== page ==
November 11, 2011

"Nymph, in thy orisons/Be all my sins remembered."

Courtney Welbon gets an A+ in English and a viral video:

23 comments:

traditionalguy said...

I loved that.Light hearted and up beat.

(Secret:Hamlet is a comedy when it is played correctly.)

Bob Ellison said...

Better modern ukulele, with original lyrics.

Triangle Man said...

That was my favorite line from Hamlet. We decided that orisons must mean something like "nethers".

John Lynch said...

Needs more Elvis.

edutcher said...

I've also heard a woman yodel the William Tell Overture.

Kensington said...

"(Secret:Hamlet is a comedy when it is played correctly.) "

I don't think this is so, but it is the secret to good Chekov.

People who say that Chekhov is too depressing have never seen a well done Chekhov play.

William said...

Thanks for that sweet smile on a Friday afternoon

John Lynch said...

Seems like a good place to mention The Ukelele Orchestra of Great Britain.

MadisonMan said...

Grade Inflation.

Irene said...

MadisonMan, of course: it's "AP English." Everyone gets an "A+."

MadisonMan said...

Yes, and this way she can get >4.0 out of 4.0.

Methadras said...

She's cute, but not worth an A+. Sorry.

Pastafarian said...

She's a lovely girl with a lovely voice; but she's just a little too cheerful. Her cheerfulness annoys the shit out of me.

I need some Fiona Apple as a palate-cleanser.

Lincolntf said...

That was damned good. Clever, talented woman.

Suburbanbanshee said...

Good playing, decent singing, good stage presence and ability to put across a song; but obviously not interested in the meaning of the lyrics. At all.

However, a teen who's not really able to relate to suicide musings is actually a good thing.

The Ophelia ending is cute.d

ricpic said...

She's good!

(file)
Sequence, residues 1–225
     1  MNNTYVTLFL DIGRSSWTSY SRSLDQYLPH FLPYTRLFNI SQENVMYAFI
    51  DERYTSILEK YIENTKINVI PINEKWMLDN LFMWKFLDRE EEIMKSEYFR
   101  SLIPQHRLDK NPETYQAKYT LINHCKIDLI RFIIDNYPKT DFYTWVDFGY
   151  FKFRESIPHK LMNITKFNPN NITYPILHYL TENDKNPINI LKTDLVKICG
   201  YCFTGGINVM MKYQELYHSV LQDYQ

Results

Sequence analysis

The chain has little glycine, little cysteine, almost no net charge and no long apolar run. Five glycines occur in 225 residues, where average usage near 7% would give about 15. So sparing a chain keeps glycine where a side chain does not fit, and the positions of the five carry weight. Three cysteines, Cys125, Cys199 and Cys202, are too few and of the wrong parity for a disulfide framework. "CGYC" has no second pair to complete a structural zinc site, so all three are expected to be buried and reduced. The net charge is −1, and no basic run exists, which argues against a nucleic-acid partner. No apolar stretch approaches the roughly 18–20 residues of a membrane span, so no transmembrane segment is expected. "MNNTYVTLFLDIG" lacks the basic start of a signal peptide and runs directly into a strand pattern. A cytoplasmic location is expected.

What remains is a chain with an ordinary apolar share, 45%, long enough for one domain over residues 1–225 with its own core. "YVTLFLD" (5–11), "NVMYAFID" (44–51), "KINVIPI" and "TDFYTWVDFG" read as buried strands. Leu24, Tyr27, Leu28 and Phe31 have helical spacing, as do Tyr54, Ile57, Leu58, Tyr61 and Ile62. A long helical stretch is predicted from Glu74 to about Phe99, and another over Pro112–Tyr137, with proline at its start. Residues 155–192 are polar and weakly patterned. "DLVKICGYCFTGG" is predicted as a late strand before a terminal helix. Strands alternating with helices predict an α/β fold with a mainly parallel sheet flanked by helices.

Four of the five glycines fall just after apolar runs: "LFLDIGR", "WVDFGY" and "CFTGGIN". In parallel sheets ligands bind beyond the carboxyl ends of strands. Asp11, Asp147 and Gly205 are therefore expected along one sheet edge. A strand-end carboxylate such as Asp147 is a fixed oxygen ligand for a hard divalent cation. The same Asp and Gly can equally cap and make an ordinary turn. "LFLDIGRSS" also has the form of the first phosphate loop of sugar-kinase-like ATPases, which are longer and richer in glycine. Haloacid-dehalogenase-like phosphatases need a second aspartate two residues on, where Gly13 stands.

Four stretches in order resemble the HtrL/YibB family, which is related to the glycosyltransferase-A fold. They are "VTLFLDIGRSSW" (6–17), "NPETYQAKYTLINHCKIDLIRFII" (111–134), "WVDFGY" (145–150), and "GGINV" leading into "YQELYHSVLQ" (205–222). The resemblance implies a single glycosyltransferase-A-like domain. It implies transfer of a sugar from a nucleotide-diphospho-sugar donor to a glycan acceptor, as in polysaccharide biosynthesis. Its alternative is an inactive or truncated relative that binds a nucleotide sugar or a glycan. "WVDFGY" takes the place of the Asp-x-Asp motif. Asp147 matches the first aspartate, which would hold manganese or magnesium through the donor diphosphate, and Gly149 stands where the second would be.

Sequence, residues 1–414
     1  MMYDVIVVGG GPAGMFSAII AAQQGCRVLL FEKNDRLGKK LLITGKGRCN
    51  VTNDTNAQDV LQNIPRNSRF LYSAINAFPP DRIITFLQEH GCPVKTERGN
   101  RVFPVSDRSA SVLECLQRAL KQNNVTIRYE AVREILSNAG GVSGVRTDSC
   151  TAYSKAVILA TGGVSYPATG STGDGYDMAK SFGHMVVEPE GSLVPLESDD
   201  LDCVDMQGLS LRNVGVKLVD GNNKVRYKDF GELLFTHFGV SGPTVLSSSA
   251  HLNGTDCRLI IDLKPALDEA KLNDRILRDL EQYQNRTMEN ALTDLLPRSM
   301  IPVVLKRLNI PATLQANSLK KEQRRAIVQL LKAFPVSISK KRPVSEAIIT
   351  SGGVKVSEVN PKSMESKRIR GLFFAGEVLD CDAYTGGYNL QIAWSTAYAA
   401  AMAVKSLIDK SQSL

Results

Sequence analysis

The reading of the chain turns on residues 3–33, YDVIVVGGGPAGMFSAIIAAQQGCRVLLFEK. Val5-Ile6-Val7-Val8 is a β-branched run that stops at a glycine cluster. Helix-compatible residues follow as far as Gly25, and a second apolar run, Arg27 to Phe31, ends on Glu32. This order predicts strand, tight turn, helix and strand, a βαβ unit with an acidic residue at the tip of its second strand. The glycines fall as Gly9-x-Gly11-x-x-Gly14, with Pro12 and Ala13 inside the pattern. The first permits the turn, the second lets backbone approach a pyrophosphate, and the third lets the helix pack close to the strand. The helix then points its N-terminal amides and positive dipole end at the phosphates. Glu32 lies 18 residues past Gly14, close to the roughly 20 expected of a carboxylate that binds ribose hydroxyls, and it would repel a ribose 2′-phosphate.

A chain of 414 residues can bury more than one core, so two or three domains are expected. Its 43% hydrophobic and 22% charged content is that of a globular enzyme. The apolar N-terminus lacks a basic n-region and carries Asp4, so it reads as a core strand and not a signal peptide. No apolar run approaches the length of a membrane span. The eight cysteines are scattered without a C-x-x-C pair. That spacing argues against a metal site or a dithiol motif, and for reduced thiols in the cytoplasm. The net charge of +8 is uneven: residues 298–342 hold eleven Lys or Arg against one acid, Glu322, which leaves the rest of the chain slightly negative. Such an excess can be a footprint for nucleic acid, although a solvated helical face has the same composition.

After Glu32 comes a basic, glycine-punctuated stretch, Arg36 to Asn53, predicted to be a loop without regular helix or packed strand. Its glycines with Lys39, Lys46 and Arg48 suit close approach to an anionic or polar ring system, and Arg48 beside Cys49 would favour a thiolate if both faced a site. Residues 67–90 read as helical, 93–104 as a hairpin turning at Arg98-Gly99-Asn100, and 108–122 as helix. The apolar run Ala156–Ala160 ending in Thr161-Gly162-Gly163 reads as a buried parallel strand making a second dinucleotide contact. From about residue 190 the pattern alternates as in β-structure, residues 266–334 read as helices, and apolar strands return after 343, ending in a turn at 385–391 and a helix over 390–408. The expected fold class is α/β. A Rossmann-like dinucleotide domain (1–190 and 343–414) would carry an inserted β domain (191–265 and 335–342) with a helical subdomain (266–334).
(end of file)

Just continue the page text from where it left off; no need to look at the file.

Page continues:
ricpic said...

To be or not to be, that is the ques....crikey! looka the pins on that bird!

Psychedelic George said...

It's very weird that you should post this. I've spent the last week working on memorizing this soliloquy. Just fer kicks.

Some tips:

Contumely = scorn
Bodkin = dagger
Fardels = burdens
Bourn = boundary
Quietus = death
Pitch = the rapid dive of a raptor

Some scholars think the word "slings" should be "stings."

The hardest thing about learning the lines is not the archaic terms but some of Shakespeare's constructions which sound odd to the modern ear: "For in that sleep of death such dreams may come when we have shuffled off this mortal coil must give us pause." That would be better if rewritten: "For when we have shuffled off this mortal coil and are in that sleep of death, such dreams may come that must give us pause." As written the line is hard to recite.

The most difficult line to express, for me, is "To die, to sleep. To sleep, perchance to dream." That's the moment when Hamlet starts to worry that as bad as his waking woes may be, the horrors of the afterlife may be worse.

The most incomprehensible line? "The spurns that patient merit of the unworthy takes...." It means something like "the insults that a long-suffering good person receives from someone less worthy."

The Kenneth Branagh version is super.

Brush Up Your Shakespeare "If she says your behavior is heinous, kick her right in the Coriolanus...."

ricpic said...

The spurns that patient merit of the unworthy takes...

Shakespeare was such a master of concision!

Synova said...

I liked it. Very nice.

But I think that someone needs to one-up her with a banjo.

;-)

edwardroyce said...

Hamlet isn't a comedy.

It isn't ever a comedy. The only thing that is remotely comedic is Hamlet's relief when the players show up because it allows him to set the stage to trap his uncle.

This isn't in response to anybody:

It amazes me the number of people who misinterpret Hamlet. I still remember my high school English teacher getting Hamlet completely wrong to the point where I was wondering if we were discussing two completely different plays.

She thought he was crazy who suddenly pulled everything together at the end due to luck.

Basic reading of the play shows that this was Hamlet's strategy for remaining alive. As long as he pretended to be crazed his uncle could ignore him safely. Which was true in the sense that when Hamlet dropped the pose his uncle tried to have him poisoned.

phx said...
This comment has been removed by the author.
phx said...

Way better recitation than some of the old actors chewing on the carpet. Didn't really lose a thing in this translation, "purists".